- The Washington Times
Tuesday, April 26, 2022

NEWS AND OPINION:

Well, here’s some promising information regarding the state of conservative news organizations — so often vilified by critics who perhaps actually fear the consistent power of many right-leaning media organizations.

The state of Florida is now becoming “conservative media HQ,” advises Axios, which offers some viable examples of this trend.


A former president is at the helm of this endeavor.

Donald Trump is bringing conservative media — a multibillion-dollar industry — to Sarasota County. Driving the news: Trump Media & Technology Group Corp., which owns social media app Truth Social, registered as a business in Florida earlier this month, using an office building on North Cattlemen Road in Sarasota as its address,” noted the Axios report.

“Just 11 miles down the road, Canadian media company Rumble, a video platform commonly used by conservatives, recently made Longboat Key its U.S. headquarters,” the report continued.

“The big picture: Florida has quickly become a hub for conservative media companies, with Newsmax, the cable network owned by Chris Ruddy, headquartered in Boca Raton, Florida. Tampa has become a hub for young Republicans and conservative media influencers. Dan Bongino, a conservative podcaster, lives in Palm City,” the report said.

“Between the lines: Jimmy Finkelstein, most recently the owner of political newspaper and website The Hill, is planning to launch a new media company that will be based in Florida,” the report concluded — but not without adding that Nashville, Tennessee, is also “proving to also be a center point for conservative media companies.”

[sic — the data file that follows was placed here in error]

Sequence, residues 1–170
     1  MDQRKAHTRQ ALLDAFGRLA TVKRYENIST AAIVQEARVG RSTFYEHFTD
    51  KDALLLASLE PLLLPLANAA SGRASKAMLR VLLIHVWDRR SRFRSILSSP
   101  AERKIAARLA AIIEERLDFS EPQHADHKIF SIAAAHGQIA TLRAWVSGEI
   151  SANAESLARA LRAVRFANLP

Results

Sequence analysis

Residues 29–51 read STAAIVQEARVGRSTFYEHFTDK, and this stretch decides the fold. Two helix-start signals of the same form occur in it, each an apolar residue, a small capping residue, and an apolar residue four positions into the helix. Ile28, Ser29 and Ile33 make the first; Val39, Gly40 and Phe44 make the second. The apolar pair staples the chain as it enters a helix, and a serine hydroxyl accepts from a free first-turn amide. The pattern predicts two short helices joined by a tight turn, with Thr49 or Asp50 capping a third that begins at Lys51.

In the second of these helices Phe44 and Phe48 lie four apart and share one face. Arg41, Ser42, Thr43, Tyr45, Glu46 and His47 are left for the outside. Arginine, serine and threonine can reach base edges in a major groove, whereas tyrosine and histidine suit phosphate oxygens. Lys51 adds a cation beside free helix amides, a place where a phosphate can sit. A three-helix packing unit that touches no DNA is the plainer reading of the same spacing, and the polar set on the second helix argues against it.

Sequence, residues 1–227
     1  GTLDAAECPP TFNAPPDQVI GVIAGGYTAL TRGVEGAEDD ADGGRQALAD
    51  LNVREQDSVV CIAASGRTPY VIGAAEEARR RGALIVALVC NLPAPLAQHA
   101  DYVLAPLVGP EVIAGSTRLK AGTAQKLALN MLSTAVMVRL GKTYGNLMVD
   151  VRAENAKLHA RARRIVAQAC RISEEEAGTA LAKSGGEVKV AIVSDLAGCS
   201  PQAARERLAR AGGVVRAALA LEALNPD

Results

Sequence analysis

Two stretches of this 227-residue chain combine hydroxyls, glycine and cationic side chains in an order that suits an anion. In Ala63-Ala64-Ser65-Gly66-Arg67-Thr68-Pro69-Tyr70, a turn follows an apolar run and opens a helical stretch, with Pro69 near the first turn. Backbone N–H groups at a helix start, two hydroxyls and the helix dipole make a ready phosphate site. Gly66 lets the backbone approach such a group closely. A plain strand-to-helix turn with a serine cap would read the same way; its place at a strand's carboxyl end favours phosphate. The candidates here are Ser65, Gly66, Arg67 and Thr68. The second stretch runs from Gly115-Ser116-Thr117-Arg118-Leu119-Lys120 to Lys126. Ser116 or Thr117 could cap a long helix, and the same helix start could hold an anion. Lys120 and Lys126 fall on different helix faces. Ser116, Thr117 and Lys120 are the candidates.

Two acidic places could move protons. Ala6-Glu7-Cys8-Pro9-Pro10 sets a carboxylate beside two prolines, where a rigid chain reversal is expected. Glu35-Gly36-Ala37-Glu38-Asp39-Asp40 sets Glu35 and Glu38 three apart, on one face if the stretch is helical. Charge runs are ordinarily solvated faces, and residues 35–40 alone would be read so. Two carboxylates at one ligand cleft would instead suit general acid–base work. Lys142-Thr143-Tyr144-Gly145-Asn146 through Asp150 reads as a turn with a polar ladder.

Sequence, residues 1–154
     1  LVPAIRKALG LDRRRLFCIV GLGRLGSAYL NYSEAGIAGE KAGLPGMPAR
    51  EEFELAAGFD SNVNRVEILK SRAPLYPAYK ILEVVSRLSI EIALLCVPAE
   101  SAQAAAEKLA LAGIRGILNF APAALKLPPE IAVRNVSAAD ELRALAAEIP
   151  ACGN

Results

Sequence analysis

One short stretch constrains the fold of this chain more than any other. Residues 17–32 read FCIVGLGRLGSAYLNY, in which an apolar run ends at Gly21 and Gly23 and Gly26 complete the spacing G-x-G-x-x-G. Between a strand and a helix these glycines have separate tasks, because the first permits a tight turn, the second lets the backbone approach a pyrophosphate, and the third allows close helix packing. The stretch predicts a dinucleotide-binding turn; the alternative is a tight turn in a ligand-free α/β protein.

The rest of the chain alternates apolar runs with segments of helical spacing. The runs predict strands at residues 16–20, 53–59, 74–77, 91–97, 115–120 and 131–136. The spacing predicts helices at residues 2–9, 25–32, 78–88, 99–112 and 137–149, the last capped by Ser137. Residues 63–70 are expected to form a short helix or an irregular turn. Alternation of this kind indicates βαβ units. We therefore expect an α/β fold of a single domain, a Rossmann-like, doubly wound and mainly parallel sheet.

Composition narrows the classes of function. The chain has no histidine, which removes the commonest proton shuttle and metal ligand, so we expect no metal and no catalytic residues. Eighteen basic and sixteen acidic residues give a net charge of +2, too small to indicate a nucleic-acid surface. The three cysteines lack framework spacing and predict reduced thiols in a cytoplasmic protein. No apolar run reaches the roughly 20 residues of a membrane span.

Meanwhile, fans of the late talk radio host Rush Limbaugh may yawn at all this Florida talk; he offered his daily blockbuster broadcast from the Sunshine State for many years.

BUCKLE UP

Are voters interested in the midterms? The answer is yes. Things are already buzzing, judging from new reports from the political sector that arrived at the Beltway desk on Tuesday.

WinRed, a Republican online fundraising technology platform, reports that it has already processed $169.8 million in donations during the first quarter of the year. That is a 37% increase when compared to the first quarter of 2021.

“On average, 43% of donations were from brand new donors to individual campaigns,” the organization said in its update.

In the meantime, are voters getting political messages? The answer is also yes.

Viamedia — a Kentucky-based independent “cross-media” advertising company — says that record-breaking political advertising already is underway as the midterms approach. The company has notched an increase of 42% in political advertising when compared to this time in 2018, and this messaging frenzy spans all political categories — including U.S. House and Senate, gubernatorial, and local races.

The company saw “particularly robust activity” in hotly contested states such as North Carolina, where advertising is up by 266%, Georgia (up by 277%), Pennsylvania (up by 670%) and California (up 3,399%).